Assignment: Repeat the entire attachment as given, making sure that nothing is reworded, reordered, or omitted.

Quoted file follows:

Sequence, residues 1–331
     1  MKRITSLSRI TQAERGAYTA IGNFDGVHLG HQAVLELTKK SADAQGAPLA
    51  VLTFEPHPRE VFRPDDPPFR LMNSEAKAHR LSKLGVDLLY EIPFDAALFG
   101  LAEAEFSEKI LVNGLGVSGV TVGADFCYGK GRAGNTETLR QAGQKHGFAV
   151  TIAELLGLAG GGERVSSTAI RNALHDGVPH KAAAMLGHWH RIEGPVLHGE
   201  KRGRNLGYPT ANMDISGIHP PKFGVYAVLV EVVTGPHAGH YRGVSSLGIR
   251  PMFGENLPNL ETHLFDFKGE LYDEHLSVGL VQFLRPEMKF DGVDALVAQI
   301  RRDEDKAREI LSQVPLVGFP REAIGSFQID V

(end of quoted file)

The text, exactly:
Sequence, residues 1–331
     1  MKRITSLSRI TQAERGAYTA IGNFDGVHLG HQAVLELTKK SADAQGAPLA
    51  VLTFEPHPRE VFRPDDPPFR LMNSEAKAHR LSKLGVDLLY EIPFDAALFG
   101  LAEAEFSEKI LVNGLGVSGV TVGADFCYGK GRAGNTETLR QAGQKHGFAV
   151  TIAELLGLAG GGERVSSTAI RNALHDGVPH KAAAMLGHWH RIEGPVLHGE
   201  KRGRNLGYPT ANMDISGIHP PKFGVYAVLV EVVTGPHAGH YRGVSSLGIR
   251  PMFGENLPNL ETHLFDFKGE LYDEHLSVGL VQFLRPEMKF DGVDALVAQI
   301  RRDEDKAREI LSQVPLVGFP REAIGSFQID V